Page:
• Set a safety zone where you will work which includes cleaning supplies and padded tables. Also, set dry and wet areas. Makes sure all materials have been dried thoroughly you return them to the dry area. These areas will ensure that the objects you are cleaning are safe from contamination from sources outside and once it is cleaned as well.
  • Finish the task at hand first before moving on to the other. Consider segmenting the cleaning process into doable, small tasks.
  • It is important to use proper cleaning products, supplies, and tools. Ensure that they have been cleaned as well. If they get contaminated during the process, clean or replace them.
  • When your cleaning tools are dirty, replace them. It is never a good idea to dust the whole room using one cloth.
  • Do not overclean antiques since it can actually cause damage instead of preventing them.

Here are some of the suggested supplies you need to include in your list:

  • Broom
  • Vacuum cleaner
  • Pressure washer for the patio and outdoor furniture
  • Brush with stiff bristles
  • Baking soda
  • Dusting cloths
  • Mop
  • Dish soap
  • Gloves for protecting your hands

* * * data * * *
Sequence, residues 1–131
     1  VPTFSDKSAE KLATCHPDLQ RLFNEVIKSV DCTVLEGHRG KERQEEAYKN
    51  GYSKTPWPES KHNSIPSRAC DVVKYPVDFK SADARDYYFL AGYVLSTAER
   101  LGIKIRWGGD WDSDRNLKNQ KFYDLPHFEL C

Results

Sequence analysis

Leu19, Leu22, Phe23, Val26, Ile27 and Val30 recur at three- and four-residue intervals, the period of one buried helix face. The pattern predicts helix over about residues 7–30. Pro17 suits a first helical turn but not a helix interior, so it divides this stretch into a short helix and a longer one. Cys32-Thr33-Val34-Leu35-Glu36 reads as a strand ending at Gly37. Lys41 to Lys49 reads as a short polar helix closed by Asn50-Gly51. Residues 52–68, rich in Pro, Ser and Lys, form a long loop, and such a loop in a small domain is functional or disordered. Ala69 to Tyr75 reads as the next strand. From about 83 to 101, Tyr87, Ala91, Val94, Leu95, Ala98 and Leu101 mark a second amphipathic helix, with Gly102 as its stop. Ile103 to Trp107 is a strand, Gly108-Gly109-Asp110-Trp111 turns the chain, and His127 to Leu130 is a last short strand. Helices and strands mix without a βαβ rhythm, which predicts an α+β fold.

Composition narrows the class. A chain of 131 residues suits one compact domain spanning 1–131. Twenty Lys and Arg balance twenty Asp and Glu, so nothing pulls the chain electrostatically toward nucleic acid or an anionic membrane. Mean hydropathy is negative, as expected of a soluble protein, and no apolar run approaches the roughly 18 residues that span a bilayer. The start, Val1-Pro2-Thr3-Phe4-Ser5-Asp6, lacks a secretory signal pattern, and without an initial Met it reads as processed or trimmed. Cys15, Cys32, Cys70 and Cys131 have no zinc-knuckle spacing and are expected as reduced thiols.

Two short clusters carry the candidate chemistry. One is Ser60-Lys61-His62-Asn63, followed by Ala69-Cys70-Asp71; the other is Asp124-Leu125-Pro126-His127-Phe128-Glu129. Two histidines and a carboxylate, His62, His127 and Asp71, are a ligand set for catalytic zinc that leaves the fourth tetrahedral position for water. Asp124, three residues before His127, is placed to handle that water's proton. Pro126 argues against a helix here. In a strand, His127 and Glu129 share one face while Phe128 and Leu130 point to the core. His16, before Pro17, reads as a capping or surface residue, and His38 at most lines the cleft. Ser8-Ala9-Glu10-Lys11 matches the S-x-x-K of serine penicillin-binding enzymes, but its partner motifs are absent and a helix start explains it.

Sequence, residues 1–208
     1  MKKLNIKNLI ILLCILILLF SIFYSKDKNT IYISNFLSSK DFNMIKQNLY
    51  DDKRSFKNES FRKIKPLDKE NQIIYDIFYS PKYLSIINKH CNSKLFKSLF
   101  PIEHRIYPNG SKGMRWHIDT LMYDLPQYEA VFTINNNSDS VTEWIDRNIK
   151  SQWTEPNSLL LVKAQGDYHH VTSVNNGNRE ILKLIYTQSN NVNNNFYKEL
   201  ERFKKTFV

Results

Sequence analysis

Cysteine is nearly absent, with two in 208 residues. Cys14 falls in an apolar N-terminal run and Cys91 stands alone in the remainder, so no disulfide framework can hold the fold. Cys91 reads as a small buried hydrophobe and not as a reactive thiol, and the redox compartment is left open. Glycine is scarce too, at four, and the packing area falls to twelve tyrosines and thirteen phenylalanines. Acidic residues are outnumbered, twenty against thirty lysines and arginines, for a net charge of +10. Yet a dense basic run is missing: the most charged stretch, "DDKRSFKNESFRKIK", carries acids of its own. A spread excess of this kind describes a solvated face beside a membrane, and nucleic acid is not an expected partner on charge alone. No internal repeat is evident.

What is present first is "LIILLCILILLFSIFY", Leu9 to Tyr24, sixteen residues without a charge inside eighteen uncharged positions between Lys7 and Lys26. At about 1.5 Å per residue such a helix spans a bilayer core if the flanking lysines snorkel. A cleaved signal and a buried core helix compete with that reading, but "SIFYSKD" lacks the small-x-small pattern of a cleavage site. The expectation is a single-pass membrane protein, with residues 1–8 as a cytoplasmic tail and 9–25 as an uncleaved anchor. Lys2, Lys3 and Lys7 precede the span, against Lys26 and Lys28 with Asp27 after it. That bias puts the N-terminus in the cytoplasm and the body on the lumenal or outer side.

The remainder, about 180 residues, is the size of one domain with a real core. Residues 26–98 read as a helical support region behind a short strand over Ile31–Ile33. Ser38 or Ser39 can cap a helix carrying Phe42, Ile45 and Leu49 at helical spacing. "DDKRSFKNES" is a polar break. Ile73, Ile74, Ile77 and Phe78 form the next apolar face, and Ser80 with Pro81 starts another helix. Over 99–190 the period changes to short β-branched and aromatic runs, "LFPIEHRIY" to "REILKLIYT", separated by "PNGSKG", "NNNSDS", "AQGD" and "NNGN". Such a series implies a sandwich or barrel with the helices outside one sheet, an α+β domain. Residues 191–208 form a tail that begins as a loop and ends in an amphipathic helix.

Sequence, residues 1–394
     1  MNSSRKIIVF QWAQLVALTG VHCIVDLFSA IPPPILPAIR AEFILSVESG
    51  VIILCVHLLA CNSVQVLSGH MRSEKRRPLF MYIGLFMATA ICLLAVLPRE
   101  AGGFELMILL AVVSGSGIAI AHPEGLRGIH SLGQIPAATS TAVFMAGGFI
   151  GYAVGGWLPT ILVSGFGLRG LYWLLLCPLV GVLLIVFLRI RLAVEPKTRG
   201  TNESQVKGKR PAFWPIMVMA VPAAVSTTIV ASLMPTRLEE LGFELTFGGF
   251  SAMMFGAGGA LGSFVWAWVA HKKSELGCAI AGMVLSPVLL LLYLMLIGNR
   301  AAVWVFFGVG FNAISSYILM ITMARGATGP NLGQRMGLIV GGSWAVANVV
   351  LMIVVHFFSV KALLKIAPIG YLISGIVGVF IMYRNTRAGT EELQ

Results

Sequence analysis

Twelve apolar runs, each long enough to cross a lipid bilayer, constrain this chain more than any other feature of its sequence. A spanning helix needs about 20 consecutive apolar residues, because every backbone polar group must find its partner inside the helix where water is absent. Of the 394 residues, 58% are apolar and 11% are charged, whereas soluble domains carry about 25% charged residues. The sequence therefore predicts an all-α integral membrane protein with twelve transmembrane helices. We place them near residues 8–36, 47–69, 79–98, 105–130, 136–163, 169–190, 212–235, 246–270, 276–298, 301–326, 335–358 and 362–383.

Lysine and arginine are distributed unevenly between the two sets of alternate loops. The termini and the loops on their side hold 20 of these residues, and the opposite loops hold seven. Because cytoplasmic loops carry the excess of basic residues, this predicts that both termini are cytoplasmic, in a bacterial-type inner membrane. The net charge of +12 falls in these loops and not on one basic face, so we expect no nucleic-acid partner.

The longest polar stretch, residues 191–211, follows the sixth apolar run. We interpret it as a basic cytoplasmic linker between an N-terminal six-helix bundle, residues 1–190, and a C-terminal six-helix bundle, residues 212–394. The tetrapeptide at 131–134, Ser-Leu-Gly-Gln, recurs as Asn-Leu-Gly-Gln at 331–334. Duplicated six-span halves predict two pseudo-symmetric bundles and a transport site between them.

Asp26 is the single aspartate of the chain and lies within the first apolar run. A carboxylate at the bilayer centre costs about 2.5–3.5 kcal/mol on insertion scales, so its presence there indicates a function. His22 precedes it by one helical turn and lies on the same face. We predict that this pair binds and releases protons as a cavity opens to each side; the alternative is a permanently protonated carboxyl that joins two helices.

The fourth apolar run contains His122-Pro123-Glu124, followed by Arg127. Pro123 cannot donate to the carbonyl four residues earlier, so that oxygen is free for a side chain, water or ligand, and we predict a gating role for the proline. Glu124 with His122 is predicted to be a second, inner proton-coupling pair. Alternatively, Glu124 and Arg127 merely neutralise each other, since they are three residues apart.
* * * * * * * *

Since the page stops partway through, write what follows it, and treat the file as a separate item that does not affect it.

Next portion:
• Sponges
  • Garden hose
  • Telescoping pole for reaching high areas
  • Lint roller
  • Glass and window cleaner
  • Mineral oil
  • White vinegar
  • Garden hose for outdoor or yard work
  • Polish or wood cleaner
  • Multi-purpose cleaner

Multi-purpose cleaner

The Traditional Approach

Old houses are maintained by our grandmas without the modern cleaning solutions we have today. Instead, they use the following tried-and-tested ways:

  • Fancy mirror and cleaning sprays are not available during the old days. Mixing up 1 1/2 cup of water, 1 1/2 tablespoon of vinegar, and 1 and 1/2 tablespoon of rubbing alcohol in a spray bottle can do the trick. Spray it on your mirror or window, and wipe away using a lint-free cloth.
  • Traditional cleaning products such as Old English or lemon oil are still available on local groceries and supermarkets. These are great for dusting furniture and for adding sheen to your kitchen cabinets.
  • Deep-clean as seasons change. Try washing your windows, deep-clean carpet or change the furnace filter at least once a year.
  • Looking for a natural multi-purpose cleaner? Borax powder is a proven, versatile multi-purpose cleaner that has been around a long time. It works well on floors, tiles, fixtures, greasy kitchen cabinets, and porcelain sinks. Simply sprinkle a bit of borax on your damp sponge, and you’ll be able to wipe that dirt and grime away in no time.
  • You can degunk your shower head easily using white vinegar and a plastic bag. Simply pour the white vinegar in the plastic bag, place it around the shower head using a rubber band to hold it in place. After several hours, remove it and remove excess residue using an old toothbrush.
  • Keep your old house smelling fresh naturally using 100% vanilla extract. Its natural smell is great at deodorizing the air compared to chemical-based air fresheners. Soak some cotton balls with vanilla and place them discreetly in plants or over a cool light bulb, once it heats up, the entire room will smell great.